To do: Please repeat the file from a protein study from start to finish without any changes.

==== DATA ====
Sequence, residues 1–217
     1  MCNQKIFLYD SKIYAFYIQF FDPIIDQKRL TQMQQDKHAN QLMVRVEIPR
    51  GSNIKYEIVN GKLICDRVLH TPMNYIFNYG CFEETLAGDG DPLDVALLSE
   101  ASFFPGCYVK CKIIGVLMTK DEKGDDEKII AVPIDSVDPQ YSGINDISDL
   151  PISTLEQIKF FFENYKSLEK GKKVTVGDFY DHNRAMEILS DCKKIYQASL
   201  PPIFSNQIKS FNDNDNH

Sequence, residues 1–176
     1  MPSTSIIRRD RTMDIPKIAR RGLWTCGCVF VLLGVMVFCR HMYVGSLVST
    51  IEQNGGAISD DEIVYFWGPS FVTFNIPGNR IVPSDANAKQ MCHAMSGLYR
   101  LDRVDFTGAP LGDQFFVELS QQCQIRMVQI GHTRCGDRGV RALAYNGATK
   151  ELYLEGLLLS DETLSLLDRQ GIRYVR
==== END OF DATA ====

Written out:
Sequence, residues 1–217
     1  MCNQKIFLYD SKIYAFYIQF FDPIIDQKRL TQMQQDKHAN QLMVRVEIPR
    51  GSNIKYEIVN GKLICDRVLH TPMNYIFNYG CFEETLAGDG DPLDVALLSE
   101  ASFFPGCYVK CKIIGVLMTK DEKGDDEKII AVPIDSVDPQ YSGINDISDL
   151  PISTLEQIKF FFENYKSLEK GKKVTVGDFY DHNRAMEILS DCKKIYQASL
   201  PPIFSNQIKS FNDNDNH

Sequence, residues 1–176
     1  MPSTSIIRRD RTMDIPKIAR RGLWTCGCVF VLLGVMVFCR HMYVGSLVST
    51  IEQNGGAISD DEIVYFWGPS FVTFNIPGNR IVPSDANAKQ MCHAMSGLYR
   101  LDRVDFTGAP LGDQFFVELS QQCQIRMVQI GHTRCGDRGV RALAYNGATK
   151  ELYLEGLLLS DETLSLLDRQ GIRYVR